IT: chitarra   FR: guitare   GER: Gitarre                            


The classical guitar has six strings made of nylon, the lower of which are wound with metal. There are frets embedded in the neck, spaced so that the distance between adjacent frets is a half-step on any string. A finger of the left hand presses the string beside the fret slightly toward the nut to stop its vibrations at the fret. The thumbnail and fingernails of the right hand are used to pluck the strings.


FIGURE 6.5  Guitar tuning and range


The guitar part is written in the treble clef and sounds an octave lower. There is an interval of a perfect fourth between each string except III (G) and II (B), where the distance is a major third. The sound of the classical guitar is delicate and very easily covered.


Sharp keys, more easily negotiated on the guitar than flat keys, allow the use of more open strings and sympathetic vibrations. Chords should be written with no more than a fifth or sixth between fingered notes. The first finger of the left hand may be used to stop all or some of the strings at a given fret. This technique is called the grande barre, or simply barre.


If a note is to be played on a particular string, the number of that string (1-6) is placed beside the note and circled. If a particular finger of the left hand is to be used, the number of the finger (1-4) is placed by the note, and the finger number is not circled. The circle around the number differentiates the string from the finger identified. The left thumb is not used. Lowercase alphabet letters are used to indicate which finger of the right hand should be used to pluck the string.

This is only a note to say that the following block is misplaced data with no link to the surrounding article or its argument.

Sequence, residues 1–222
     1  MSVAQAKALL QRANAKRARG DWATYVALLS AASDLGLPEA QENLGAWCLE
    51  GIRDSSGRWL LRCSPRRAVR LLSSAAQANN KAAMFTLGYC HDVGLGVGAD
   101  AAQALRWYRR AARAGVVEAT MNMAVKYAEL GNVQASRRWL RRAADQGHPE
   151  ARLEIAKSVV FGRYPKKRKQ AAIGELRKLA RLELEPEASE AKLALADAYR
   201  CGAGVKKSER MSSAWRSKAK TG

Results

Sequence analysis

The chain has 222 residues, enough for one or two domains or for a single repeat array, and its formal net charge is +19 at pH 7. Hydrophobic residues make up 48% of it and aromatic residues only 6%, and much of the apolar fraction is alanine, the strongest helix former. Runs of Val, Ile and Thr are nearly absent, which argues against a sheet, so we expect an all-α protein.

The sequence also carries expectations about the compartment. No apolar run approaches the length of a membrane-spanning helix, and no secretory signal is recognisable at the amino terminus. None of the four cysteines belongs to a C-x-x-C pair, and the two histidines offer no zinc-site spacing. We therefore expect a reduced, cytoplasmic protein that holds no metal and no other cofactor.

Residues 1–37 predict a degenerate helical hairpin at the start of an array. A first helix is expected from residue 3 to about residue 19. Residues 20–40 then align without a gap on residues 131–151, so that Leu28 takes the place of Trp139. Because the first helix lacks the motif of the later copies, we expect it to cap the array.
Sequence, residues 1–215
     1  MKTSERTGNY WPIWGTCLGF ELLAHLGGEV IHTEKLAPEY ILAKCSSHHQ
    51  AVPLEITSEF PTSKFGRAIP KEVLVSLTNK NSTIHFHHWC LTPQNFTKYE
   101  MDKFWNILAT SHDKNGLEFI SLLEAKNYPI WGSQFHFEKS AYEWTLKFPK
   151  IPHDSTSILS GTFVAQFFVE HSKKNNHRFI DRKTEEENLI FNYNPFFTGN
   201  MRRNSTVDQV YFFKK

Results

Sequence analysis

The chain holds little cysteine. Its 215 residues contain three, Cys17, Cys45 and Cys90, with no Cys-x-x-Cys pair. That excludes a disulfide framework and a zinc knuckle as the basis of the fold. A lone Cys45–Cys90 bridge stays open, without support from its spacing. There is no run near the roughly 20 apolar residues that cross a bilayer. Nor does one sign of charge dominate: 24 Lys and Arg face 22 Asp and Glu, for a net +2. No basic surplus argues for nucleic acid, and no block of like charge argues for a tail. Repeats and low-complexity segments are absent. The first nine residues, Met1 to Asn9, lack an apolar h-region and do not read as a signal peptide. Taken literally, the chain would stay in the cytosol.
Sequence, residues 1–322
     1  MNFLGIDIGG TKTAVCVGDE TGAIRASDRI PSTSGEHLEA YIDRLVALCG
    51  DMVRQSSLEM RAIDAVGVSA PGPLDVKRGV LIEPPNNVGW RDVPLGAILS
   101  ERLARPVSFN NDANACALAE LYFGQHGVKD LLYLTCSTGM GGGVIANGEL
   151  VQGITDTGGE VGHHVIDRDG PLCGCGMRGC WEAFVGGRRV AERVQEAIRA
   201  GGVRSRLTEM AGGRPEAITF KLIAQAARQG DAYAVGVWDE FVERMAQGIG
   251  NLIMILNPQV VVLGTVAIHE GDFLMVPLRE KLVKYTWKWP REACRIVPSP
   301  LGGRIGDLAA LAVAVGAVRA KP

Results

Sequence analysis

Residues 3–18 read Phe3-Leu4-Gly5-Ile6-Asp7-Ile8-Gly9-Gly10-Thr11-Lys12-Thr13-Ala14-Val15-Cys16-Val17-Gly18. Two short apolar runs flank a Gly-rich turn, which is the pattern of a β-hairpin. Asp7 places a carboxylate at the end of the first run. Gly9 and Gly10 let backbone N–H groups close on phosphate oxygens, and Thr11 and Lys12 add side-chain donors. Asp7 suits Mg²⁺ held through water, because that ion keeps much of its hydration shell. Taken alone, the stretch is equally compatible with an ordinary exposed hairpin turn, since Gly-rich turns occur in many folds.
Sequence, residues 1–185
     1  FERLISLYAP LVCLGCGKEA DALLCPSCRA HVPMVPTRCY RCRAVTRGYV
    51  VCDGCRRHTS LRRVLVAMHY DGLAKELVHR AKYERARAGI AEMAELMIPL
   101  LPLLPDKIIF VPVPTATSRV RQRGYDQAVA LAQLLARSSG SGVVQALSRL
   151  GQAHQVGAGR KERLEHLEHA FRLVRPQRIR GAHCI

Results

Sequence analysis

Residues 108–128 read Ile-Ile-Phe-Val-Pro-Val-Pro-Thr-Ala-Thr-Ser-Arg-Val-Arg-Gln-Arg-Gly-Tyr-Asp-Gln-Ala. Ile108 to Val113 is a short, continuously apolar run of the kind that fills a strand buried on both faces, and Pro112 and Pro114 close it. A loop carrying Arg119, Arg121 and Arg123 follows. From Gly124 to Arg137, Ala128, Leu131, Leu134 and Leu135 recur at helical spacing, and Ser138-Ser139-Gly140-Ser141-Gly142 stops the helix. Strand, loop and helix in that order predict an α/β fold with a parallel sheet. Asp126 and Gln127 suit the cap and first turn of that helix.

Though they are not a part of formal classical guitar notation, chord diagrams representing the position of the fingers on the frets are common in many guitar styles. These indicate the first five frets from the nut, with fingers numbered in their position on the string. Open strings have an “o” over them, and deadened or unused strings are marked with an “x.” A bar is represented by a curved line over the position where all strings are depressed by the first finger.

The following are examples of standard chord diagrams and their equivalents in musical notation:

FIGURE 6.6  Guitar chord diagrams


Harmonics of open strings are easily produced by lightly touching the strings at frets XII, VII, and V.   Arpeggiation of chords is perhaps the most common figure occurring in guitar music. The term “tremolo” in reference to guitar technique means to pluck the same string rapidly with different fingers of the right hand.

FIGURE 6.7  Guitar tremolo